May the Saints & Feast Days for the month of April inspire you to grow closer to Christ Jesus.
April 2: Good Friday of the Lord’s Passion
“Since we have a great high priest who has passed through the heavens, Jesus, the Son of God, let us hold fast to our confession.For we do not have a high priest who is unable to sympathize with our weaknesses, but one who has similarly been tested in
every way, yet without sin. So let us confidently approach the throne of grace to receive mercy and to find grace for timely help.” – Hebrews 4:14-16
“Jesus said, “I thirst.” There was a vessel filled with common wine. So they put a sponge soaked in wine on a sprig of hyssop and put it up to his mouth. When Jesus had taken the wine, he said, “It is finished.” And bowing his head, he handed over the spirit.” – John 19:29-30
April 4: Easter Sunday The Resurrection of the Lord
“But the angel said to the women, “Do not be afraid; for I know that you seek Jesus who was crucified. He is not here; for HE HAS RISEN, as He said. Come, see the place where He lay. Then go quickly and tell His disciples that HE HAS RISEN from the dead.” – Matthew 28:5-7
April 10: Divine Mercy Sunday
In the to St.Faustina Kowalska, our Lord called for a special feast day to be celebrated on the Sunday after Easter. Today, that feast day is known as Divine Mercy Sunday, so named by Pope St. John Paul II at the canonization of St. Faustina on April 30, 2000.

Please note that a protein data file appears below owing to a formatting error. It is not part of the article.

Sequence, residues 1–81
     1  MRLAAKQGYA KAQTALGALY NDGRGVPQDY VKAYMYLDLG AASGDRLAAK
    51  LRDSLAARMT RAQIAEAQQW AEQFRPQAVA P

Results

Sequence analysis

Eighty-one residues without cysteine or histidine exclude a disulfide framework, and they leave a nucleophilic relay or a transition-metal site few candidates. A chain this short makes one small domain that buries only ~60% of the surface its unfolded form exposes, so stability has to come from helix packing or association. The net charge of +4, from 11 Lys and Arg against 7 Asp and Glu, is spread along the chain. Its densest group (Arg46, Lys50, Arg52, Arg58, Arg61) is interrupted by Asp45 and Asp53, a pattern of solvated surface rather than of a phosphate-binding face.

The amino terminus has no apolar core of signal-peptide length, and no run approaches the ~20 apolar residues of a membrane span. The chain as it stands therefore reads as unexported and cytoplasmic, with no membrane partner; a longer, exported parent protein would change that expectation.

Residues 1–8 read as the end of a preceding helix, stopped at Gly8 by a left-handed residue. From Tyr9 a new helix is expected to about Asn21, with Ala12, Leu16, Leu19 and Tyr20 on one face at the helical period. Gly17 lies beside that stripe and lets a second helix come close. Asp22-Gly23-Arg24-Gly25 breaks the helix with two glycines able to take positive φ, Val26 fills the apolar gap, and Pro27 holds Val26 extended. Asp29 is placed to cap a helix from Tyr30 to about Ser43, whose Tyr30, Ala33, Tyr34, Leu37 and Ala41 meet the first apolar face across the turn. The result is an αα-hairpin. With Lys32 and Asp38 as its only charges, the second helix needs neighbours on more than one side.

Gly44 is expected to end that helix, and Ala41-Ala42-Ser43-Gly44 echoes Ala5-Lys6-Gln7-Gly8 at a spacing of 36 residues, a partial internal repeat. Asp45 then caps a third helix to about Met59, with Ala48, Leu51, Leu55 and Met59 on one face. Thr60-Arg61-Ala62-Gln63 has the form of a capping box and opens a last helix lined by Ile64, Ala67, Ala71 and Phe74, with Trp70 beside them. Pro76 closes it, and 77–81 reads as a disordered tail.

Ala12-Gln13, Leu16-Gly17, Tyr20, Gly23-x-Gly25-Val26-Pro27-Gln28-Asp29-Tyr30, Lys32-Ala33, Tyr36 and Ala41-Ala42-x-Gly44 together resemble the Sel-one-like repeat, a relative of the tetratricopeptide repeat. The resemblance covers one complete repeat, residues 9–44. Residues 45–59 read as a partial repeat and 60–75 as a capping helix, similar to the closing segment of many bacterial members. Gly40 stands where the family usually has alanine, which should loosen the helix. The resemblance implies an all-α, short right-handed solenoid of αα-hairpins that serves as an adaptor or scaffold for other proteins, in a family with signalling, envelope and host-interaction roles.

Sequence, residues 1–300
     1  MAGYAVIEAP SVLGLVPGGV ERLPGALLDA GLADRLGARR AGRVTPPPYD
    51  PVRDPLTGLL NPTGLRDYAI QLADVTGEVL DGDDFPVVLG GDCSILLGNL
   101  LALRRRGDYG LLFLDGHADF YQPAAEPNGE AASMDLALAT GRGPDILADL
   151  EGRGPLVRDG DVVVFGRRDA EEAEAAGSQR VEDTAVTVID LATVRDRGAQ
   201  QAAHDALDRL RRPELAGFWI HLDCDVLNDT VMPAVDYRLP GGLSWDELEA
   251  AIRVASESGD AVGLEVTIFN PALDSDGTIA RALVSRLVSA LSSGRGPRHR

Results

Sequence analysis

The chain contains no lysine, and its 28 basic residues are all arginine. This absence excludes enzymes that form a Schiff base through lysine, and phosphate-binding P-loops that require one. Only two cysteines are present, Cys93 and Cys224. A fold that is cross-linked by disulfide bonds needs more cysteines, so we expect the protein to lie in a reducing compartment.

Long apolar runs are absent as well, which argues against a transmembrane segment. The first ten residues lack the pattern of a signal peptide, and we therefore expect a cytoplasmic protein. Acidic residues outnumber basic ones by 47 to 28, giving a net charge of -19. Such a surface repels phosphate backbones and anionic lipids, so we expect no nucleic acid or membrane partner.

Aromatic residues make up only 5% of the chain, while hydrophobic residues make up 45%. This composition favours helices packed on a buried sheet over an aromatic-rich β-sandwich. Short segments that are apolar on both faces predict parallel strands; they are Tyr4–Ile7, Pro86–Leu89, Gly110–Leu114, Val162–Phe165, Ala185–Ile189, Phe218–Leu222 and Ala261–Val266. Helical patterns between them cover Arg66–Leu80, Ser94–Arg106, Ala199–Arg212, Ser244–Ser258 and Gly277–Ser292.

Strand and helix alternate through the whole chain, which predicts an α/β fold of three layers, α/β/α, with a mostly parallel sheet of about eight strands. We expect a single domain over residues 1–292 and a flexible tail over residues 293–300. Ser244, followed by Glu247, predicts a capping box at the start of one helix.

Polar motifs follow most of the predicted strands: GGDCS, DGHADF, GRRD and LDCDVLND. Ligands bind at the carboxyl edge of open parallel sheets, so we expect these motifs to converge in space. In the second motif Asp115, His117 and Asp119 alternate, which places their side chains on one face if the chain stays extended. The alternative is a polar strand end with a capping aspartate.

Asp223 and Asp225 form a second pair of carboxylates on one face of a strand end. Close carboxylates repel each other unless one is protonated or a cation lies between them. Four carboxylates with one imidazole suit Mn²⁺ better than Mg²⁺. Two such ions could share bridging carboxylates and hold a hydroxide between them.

From St. Fautina’s Diary: Divine Mercy in my Soul, “My daughter, tell the whole world about My inconceivable mercy. I desire that the Feast of Mercy be a refuge and a shelter for all souls, and especially for poor sinners. It is My desire that it be solemnly celebrated on the first Sunday after Easter. On that day the very depths of My tender mercy are open. The soul that will go to Confession and receive Holy Communion shall obtain complete forgiveness of sins and punishment.”
April 29: St. Catherine of Siena (1347-1380)
St. Catherine of Siena was canonized on June 29, 1461, and declared a Doctor of the Church by St. Pope Paul VI in October 1970. She is best known for her efforts to convince Pope Gregory XI to move the papacy from Avignon, France back to Rome. Pope Gregory returned his administration to Rome in January 1377. She is also known for her book on mystical theology, The Dialogue of Divine Providence, which is a dialogue between a soul who “rises up” to God and God himself.
“We are of such value to God that He came to live among us … and to guide us home. He will go to any length to seek us, even to be lifted high upon the cross to draw us back to Himself. We can only respond by loving God for His love.” – St. Catherine of Siena
April 30: St. Pope Pius V (1504-1572)
Pope from 1566 to 1572, his main objective was the implementation of the decrees of the Council of Trent, which called for significant reforms to the Church. He published the Roman Catechism, revised Roman Breviary, and the Roman Missal; he also declared St. Thomas Aquinas a Doctor of the Church. In dealing with the threat of the Ottoman Turks, Pope Pius organized an alliance between Venice and Spain, which culminated in the Battle of Lepanto. This battle was a complete victory over the Turks. The day of the victory was declared the Feast Day of Our Lady of Victory, in recognition of Our Lady’s intervention in response to the rosaries that had been recited across Catholic Europe.
“In union with the perfect confidence and hope that the Holy and Blessed Virgin placed in Thee, do I hope O Lord.” – St. Pope Pius V